A puzzle from the NY Fed. Why do stock returns begin to rise prior to FOMC announcements? That is, "equity valuations tend to rise in the afternoon of the day before FOMC announcements and rise even more sharply on the morning of FOMC announcement days." The rise is substantial, enough to account for 80% of the equity premium puzzle. Thus, just before FOMC meetings investors seem, on average, to expect that the Fed will raise equity values. Is this related to (expectation of) the "Greenspan/Bernanke put?" Or is something else at work?:
The Puzzling Pre-FOMC Announcement “Drift”, by David Lucca and Emanuel Moench, Liberty Street Economics: For many years, economists have struggled to explain the “equity premium puzzle”—the fact that the average return on stocks is larger than what would be expected to compensate for their riskiness. In this post, which draws on our recent New York Fed staff report, we deepen the puzzle further. We show that since 1994, more than 80 percent of the equity premium on U.S. stocks has been earned over the twenty-four hours preceding scheduled Federal Open Market Committee (FOMC) announcements (which occur only eight times a year)—a phenomenon we call the pre-FOMC announcement “drift.”
The equity premium is usually measured as the difference between the average return on the stock market and the yield on short-term government bonds. Previous research on the size of the premium finds that it is too large for plausible levels of risk aversion (see Mehra  for a review).
The Drift: A First Take
The pre-FOMC announcement drift is best summarized in the chart below, which provides two main takeaways:
- Since 1994, there has been a large and statistically significant excess return on equities on days of scheduled FOMC announcements.
- This return is earned ahead of the announcement, so it is not related to the immediate realization of monetary policy actions.
The chart shows average cumulative returns on the S&P 500 stock market index over different three-day windows. The solid black line displays the average cumulative return starting at the market’s opening on the day before each scheduled FOMC announcement to the market’s close on the day after each announcement. Our sample period starts in 1994, when the Federal Reserve began announcing its target for the federal funds rate regularly at around 2:15 p.m., and ends in 2011. (For a list of announcement dates, see the FOMC calendars.) The shaded blue area displays the 95 percent confidence intervals around the average cumulative returns—a measure of statistical uncertainty around the average return. We see from the chart that equity valuations tend to rise in the afternoon of the day before FOMC announcements and rise even more sharply on the morning of FOMC announcement days. The vertical red line indicates 2:15 p.m. Eastern time (ET), which is when the FOMC statement is typically released. Following the announcement, equity prices may fluctuate widely, but on balance, they end the day at about their 2 p.m. level, 50 basis points higher than when the market opened on the day before the FOMC announcement.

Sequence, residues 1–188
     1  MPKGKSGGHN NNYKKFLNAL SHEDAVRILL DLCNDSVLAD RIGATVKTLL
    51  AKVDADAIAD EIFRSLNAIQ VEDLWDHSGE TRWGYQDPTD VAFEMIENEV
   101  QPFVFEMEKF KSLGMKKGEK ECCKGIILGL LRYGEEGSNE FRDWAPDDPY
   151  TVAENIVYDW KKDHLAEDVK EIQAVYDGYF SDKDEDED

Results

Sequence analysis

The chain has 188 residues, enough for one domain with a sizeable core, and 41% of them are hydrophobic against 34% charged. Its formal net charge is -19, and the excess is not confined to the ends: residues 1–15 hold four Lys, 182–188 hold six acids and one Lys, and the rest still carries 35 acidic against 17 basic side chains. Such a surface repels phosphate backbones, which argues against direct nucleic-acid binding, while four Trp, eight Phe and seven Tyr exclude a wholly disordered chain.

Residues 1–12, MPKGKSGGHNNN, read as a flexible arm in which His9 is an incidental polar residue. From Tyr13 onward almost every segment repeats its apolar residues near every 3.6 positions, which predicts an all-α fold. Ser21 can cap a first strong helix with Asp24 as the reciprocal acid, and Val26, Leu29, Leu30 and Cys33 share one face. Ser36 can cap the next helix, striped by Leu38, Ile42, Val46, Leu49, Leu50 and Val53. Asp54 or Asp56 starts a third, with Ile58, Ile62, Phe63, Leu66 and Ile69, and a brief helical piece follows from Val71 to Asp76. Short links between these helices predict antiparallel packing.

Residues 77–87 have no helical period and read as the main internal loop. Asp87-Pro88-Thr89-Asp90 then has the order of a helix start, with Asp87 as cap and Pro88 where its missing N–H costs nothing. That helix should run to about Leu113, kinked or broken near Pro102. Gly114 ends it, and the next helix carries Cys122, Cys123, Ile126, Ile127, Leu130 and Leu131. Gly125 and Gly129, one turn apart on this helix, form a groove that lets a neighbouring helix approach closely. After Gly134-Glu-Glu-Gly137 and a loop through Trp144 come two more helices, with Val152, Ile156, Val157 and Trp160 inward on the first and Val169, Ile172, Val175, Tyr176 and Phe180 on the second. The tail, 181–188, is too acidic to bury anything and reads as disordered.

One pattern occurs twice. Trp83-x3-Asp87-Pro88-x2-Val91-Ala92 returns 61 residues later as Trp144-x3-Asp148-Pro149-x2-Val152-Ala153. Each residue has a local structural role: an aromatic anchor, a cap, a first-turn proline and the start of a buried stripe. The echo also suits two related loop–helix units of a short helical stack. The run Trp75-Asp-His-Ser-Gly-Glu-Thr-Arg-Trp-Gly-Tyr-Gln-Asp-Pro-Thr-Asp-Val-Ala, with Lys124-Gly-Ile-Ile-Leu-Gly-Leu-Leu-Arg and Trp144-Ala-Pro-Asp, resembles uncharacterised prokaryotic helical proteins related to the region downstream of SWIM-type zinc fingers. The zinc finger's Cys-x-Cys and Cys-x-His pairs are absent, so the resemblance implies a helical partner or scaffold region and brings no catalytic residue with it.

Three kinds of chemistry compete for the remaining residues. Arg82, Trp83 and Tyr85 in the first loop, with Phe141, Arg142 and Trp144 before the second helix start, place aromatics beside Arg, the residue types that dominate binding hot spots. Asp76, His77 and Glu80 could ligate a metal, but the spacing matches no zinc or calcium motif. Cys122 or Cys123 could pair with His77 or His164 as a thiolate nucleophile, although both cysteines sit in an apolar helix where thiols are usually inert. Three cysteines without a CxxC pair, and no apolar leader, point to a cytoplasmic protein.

How do these returns compare with returns on all other days over the sample period? The dashed black line, which represents the average cumulative return over all other three-day windows, shows that returns hover around zero. This implies that since 1994, returns are essentially flat if the three-day windows around scheduled FOMC announcement days are excluded.
A Deeper Look through Regression Analysis
The previous chart showed stock returns without accounting for dividends or the return on riskless alternative investments. In the table below, we account for these factors in a regression analysis by considering the return, including dividends (in percent), on the S&P 500 index in excess of the daily yield on a one-month Treasury bill rate, which is a measure of a risk-free rate. We regress this “excess return” on a constant and on a “dummy” variable, equal to 1 on days of FOMC announcements.